Hi, thanks for these ideas.  I think I have found an ally with the Deputy Head, and she is in regular contact giving me updates. She's also checking on my d and communicating with other staff who need to know. The class teacher hasn't been at all helpful but hopefully now that someone senior is taking charge a bit this will help.  A proper meeting with school is a good idea, though, and perhaps we can even get one of the CAMHS clinicians to come along too.

I think that socially it would be a terrible shame if she missed a lot of school (she's already become very anxious, withdrawn and down since having AN - I guess this is fairly usual?). However, I realise now the severity of the illness and the fact that we can't compromise on her health. I couldn't care less about her grades. 

I'm seriously considering giving up work so that I can go and support her at school as necessary. A month ago I would never have dreamt I'd be thinking about this.

Really useful to hear your thoughts, thank you x 
Hi. My D (16)'s school have insisted all along that they cannot supervise meals. Initially my husband and I went every lunchtime and sat with her in the car, but this year I begged the school to at least give us a room and we now have a dedicated classroom. Also we have someone from the CAMHS eating disorder community team supervise lunch once a week which is a big help. They didn't offer it - I think you have to know to ask for the support. Like many others my D is struggling badly with anxiety, not helped by impending GCSE mocks, and it's not looking very likely that she'll manage to stay at school and complete the year. We're hanging on for now as it will be sad for her to have to stay down a year and not go to the 6th form with her friends
Hi hertsmum, really sad to hear your d is struggling with anxiety and I hope she'll manage the year. Must be a big worry for you all. I hadn't thought of asking CAMHS whether they could help supervise lunch. Think we have a slightly different system here but there might be scope. Will look into it anyway.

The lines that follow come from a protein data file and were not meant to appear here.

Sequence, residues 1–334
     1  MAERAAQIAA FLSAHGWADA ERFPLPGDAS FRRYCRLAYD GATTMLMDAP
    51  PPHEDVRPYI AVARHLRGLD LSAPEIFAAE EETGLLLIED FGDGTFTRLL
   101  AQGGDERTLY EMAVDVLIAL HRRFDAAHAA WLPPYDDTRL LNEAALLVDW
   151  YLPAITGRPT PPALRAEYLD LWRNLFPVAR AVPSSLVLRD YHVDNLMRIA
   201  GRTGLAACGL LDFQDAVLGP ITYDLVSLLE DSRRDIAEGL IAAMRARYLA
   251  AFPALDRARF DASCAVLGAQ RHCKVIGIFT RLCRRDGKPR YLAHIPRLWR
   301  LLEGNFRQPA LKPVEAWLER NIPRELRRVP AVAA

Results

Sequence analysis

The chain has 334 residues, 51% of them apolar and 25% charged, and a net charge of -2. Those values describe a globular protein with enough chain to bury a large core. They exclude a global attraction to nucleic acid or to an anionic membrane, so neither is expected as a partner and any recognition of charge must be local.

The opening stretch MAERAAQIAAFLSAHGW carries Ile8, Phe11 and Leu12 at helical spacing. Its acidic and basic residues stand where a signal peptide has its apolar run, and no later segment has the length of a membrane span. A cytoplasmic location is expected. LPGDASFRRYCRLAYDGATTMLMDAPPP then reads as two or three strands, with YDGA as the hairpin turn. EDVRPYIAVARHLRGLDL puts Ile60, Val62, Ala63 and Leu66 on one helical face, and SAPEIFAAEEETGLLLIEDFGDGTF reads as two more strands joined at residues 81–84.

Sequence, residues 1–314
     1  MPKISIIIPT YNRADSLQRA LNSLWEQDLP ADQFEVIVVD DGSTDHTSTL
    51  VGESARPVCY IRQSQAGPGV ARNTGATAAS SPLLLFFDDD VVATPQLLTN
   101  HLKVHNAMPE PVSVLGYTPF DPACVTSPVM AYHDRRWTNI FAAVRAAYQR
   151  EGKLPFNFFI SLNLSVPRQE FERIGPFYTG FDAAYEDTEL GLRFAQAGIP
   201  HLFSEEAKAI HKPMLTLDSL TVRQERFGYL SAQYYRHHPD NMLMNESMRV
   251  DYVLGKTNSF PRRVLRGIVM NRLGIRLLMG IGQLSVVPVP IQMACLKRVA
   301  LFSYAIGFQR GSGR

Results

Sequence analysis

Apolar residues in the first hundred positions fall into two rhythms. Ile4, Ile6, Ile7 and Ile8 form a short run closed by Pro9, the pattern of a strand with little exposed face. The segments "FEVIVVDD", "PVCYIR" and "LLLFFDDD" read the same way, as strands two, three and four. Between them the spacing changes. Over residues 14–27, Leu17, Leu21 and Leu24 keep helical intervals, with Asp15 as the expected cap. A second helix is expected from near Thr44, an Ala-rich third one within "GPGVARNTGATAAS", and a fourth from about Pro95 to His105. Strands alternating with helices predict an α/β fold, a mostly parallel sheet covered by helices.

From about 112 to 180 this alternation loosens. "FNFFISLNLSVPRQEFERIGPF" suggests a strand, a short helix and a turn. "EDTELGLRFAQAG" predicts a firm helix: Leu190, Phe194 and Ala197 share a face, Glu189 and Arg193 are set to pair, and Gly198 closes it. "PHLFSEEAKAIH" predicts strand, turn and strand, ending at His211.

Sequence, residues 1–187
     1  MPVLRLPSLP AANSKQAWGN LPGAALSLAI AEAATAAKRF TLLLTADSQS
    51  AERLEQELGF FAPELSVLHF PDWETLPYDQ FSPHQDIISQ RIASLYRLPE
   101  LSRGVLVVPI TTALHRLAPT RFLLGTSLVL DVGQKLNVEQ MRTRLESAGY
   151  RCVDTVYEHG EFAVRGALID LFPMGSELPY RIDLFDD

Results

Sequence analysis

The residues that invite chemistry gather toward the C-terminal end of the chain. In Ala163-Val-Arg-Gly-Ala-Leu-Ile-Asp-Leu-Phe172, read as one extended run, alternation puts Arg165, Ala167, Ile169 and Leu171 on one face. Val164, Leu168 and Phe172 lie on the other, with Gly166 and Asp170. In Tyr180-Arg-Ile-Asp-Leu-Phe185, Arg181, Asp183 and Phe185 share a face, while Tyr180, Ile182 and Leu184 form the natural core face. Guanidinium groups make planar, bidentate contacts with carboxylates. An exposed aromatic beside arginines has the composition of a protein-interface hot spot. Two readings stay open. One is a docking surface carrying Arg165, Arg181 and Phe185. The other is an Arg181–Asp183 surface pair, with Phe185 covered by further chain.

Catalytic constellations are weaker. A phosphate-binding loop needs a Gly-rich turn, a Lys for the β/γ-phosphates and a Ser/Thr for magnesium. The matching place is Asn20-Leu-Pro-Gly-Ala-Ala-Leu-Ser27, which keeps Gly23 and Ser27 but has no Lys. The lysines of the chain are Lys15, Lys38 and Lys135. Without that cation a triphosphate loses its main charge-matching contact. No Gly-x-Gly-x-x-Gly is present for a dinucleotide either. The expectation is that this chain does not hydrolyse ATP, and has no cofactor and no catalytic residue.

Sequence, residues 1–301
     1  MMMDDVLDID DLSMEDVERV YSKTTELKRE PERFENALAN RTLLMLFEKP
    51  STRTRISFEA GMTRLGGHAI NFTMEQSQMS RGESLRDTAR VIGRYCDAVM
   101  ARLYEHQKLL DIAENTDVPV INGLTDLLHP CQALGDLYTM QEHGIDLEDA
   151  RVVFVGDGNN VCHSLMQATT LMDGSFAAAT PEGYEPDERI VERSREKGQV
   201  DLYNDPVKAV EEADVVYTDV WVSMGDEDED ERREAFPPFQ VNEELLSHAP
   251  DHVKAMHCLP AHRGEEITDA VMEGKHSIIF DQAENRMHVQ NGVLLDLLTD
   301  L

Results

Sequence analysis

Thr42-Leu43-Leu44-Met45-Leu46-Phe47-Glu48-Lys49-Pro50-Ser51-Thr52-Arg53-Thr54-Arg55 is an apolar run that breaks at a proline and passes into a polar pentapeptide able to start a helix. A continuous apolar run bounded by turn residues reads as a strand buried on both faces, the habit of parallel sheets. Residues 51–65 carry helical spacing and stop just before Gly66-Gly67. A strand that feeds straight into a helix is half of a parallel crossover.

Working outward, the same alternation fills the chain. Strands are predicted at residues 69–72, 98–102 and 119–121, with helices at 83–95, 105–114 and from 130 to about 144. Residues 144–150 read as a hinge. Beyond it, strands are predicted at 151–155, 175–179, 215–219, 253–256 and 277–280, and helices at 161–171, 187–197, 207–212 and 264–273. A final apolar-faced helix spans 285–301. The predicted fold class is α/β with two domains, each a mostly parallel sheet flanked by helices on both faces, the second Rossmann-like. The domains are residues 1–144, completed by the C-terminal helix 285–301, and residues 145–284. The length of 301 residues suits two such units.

You are a big step ahead of me by the sounds of it having your husband so involved. Mine is I think still in the denial stage.
hertsmum - my d missed most of the final year of her GCSE's but still came out in the top five in her year so it is still possible to do well.  The school provided a tutor three  times a week for three hours (I think there may be some legal requirement  to provide an education but  don't quote me).  This was provided on the grounds that she was considered not mentally well enough to be in school.  This meant that the teachers could give her the work to do at home and she kept up with her coursework.  She sat her actual exams at our kitchen table with somebody from school invigilating.  She was exhausted after each tutoring session and exam but she did amazingly.  You need to talk to your d's school asap as they need to get the ball rolling if this sort of thing is to work.  As a result of this, my d was able to take her exams relatively anxiety free and focus on recovery.  She is now enjoying her first year at sixth form college.  We are not out of the woods and there are various triggers which we have to watch out for but she is running up the road to recovery!
Hi toothfairy, the school nurse is hardly ever around and is shared with a large number of other schools so sadly not really an option. I'm preparing myself for going in at lunchtimes and possibly breaks too. My d will hate it as it will be 'different', but going by other people's experience that's what she'll need. This is such a helpful forum.
My d will hate it as it will be 'different', but going by other people's experience that's what she'll need. This is such a helpful forum.

Actually different is an 8 year old not eating. You are just making it "normal" by being there to make sure she does what is expected.
Dear meadow,

mjkz is right eating is normal.

I often remember our childrens primary school days when my wife would make the girls lunch just before midday & then walk the about 250 metres to give the girls freshly made (at times cooked) lunch to school every day. This was well before our eldest D got sick.

ED Dad